Guest Blogs

Change Your Perspective, Change Your Life

Life for individuals with ADHD can get better, easier, and happier by taking a new snapshot of our old, tired, inaccurate thoughts.

Not too long ago, I was sitting at a table on the back patio watching the kids “play” in the backyard. Despite the peaceful surroundings, stress had formed a huge, prickly knot in my stomach, and I felt nothing but the usual ADHD chaos surrounding me. My senses were on fire, fight or flight had kicked in, and every five minutes or so I had to repress the urge to open my mouth and shriek, “STOP PLAYING OUTSIDE AND GO WATCH TV OR SOMETHING!”

The following day, I was at my neighbor’s house. We were upstairs in her game room, which happens to overlook my backyard, when I heard the kids outside. I wandered to the window to see how my husband was going to handle the circus. As I watched, the kids began their normal routine. It didn’t take long to realize something was missing. That feeling of chaos! No chaos? I don’t understand! My husband was sitting at the same table, but instead of poking at his own eyeballs and repressing involuntary screams, he was sprawled out reading the paper, oblivious to the noise surrounding him. The kids looked less like a pack of wild hogs invading my sanctuary and more like a couple of rug rats having a good ol’ time in their backyard on a summer day.

Perception is how we view the world around us. We have many different perceptions about many different things. We develop this perception in the first instance based on a lifetime of personal experiences and beliefs. Nobody perceives things the same way because we are drawing on personal information to generate the perception. Because our views and reactions are based on a single snapshot, taken without really thinking about it, sometimes it’s good to get a re-take — like when my face was blistered and peeling on picture day in ninth grade, thanks to the delayed effects of overusing a sunlamp.

[Squirrel Bingo: The Game That Makes You Feel Good, Positive, and Confident]

For example:

>>Relationships. Knowing that our own backgrounds and experiences affect the way we view things, we can see why it’s impossible to always agree with friends, family, and acquaintances. We’ve all heard the saying, “There are three sides to every story — yours, mine, and the truth.” The truth is the side of the story that hasn’t been contaminated by individual perceptions. We don’t have to agree with everyone’s viewpoint, but acknowledging the fact that we don’t see everything another sees can bring us a fresh dose of tolerance. Our battles with others become fewer and farther between.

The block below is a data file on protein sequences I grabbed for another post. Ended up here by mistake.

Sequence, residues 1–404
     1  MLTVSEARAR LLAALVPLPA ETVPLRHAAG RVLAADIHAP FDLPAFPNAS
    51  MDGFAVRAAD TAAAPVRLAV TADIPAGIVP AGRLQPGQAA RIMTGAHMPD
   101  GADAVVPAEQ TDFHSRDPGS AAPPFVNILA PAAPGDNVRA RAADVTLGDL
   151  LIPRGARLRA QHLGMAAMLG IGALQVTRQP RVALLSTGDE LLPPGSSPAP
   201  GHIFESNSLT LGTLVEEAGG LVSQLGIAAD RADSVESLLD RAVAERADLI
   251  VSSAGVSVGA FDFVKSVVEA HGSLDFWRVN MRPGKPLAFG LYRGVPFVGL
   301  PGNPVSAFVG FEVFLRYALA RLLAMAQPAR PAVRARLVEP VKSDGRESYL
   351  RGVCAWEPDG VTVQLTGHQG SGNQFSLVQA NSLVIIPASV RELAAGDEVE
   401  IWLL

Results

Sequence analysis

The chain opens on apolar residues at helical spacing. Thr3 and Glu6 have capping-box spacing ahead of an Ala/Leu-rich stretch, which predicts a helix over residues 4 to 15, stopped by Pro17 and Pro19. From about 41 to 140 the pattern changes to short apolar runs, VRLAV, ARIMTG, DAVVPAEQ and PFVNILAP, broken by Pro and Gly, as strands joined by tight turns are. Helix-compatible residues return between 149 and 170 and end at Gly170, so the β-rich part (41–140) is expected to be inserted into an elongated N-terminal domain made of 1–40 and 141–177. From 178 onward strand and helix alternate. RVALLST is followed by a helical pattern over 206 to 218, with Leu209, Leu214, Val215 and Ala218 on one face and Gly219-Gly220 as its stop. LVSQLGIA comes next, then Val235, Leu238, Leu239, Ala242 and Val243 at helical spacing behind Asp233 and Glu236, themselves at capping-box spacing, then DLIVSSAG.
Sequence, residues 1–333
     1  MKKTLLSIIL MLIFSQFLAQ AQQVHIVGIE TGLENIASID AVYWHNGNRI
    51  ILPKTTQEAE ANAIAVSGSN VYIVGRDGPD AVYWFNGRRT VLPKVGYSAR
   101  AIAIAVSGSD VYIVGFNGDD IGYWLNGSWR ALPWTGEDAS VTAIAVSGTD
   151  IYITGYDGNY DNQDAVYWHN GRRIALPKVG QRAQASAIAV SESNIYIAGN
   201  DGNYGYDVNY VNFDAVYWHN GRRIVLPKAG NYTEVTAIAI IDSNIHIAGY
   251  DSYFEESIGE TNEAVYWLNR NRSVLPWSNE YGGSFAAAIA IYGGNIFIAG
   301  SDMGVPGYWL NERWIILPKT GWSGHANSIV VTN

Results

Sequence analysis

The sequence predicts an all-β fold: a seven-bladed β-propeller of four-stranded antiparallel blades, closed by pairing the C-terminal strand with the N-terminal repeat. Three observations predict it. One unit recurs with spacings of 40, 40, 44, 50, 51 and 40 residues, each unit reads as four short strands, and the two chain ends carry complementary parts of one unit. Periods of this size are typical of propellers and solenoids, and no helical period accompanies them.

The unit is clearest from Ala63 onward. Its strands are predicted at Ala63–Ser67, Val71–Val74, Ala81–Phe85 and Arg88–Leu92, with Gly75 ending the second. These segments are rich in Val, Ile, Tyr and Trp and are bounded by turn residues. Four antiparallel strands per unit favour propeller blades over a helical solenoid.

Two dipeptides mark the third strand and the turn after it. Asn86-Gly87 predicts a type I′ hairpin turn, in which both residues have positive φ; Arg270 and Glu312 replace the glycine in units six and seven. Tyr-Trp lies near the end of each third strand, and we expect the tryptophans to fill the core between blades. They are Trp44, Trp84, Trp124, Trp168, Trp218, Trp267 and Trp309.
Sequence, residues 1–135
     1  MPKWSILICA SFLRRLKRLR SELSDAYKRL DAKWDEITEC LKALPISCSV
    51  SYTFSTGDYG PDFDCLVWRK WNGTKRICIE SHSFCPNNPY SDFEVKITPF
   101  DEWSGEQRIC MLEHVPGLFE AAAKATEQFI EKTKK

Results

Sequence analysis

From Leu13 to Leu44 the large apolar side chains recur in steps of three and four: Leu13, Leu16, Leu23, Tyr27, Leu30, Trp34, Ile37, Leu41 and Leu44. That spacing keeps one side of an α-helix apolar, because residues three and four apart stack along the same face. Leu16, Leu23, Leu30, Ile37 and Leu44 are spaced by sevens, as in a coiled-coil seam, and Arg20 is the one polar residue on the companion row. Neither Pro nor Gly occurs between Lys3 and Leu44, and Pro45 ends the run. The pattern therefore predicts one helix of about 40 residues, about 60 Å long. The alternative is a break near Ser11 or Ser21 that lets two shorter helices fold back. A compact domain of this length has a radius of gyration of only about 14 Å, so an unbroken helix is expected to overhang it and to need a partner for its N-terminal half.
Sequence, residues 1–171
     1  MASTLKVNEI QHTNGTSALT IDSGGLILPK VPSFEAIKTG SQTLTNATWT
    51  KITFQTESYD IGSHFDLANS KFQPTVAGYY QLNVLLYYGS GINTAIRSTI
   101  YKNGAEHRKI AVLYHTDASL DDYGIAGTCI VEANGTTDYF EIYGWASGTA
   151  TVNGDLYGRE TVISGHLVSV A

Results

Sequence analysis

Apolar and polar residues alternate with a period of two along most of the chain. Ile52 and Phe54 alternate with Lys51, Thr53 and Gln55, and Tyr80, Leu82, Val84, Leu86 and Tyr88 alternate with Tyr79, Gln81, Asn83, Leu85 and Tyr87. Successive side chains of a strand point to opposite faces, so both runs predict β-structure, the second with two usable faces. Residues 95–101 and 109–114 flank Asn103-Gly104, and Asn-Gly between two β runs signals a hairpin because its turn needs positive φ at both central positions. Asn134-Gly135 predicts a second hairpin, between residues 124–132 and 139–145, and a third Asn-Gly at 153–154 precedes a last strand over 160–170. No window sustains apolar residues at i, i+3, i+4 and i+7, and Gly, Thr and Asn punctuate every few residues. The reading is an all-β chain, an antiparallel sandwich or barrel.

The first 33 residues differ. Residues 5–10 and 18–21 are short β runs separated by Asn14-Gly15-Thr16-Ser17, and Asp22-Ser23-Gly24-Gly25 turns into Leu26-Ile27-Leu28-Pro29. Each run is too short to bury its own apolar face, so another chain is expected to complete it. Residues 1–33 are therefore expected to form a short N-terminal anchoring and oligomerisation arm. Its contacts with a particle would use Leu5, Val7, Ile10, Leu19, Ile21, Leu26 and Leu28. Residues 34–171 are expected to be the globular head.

>>Self-esteem. As a card-carrying member of the ADHD Club, it can be an uphill battle elevating my self-esteem. Negative reinforcement resulting from — ahem — quirks has taken a toll on my value of self. After a good mental once-over, I realized that most of my self-hate list resulted from a lack of executive function skills that, no matter how I cross my eyes, I will never have. I hate myself because I lose my phone? Sure, it’s a pain in the ass, but does it constitute self-loathing and a cursed life? Do I need to burn my psyche at the stake because I procrastinate? I found that most of the reasons for disliking myself could be crossed off the list. In the end, I can only change what I can change — and, in some matters, who gives a crap anyway?

>>Moodiness. The blues are always waiting around the corner for me. I never know when my mood disorder is going to jump out and throw a chloroform rag over my face. I used to live in fear of it. One of the many problems of living in fear is that it takes the “living” part out of the equation. The fact is I’ll never have perfect mental health. Whether I’m living in fear of the next spiral downward or not, I’ll know I will eventually get there. That’s just how I roll. Why wait around for it?

There are a million instances in which ADDers can turn our gaze outward and change old perceptions. It’s a matter of taking a more productive role in managing our thoughts. It requires the ability to do a self-check to see where we are mentally and emotionally at any given moment. Sure, it takes more time to interact with, instead of reacting to, our surroundings, but our new snapshots will reflect the changes we’ve begun to make internally. I can promise that those will be some beauties worth framing.

[How to Be an ADHD Warrior]

Stacey Turis is the author of Here’s to Not Catching Our Hair on Fire: An Absent-Minded Tale of Life with Giftedness & Attention Deficit-Oh Look! A Chicken! (Bohemian Avenue Press).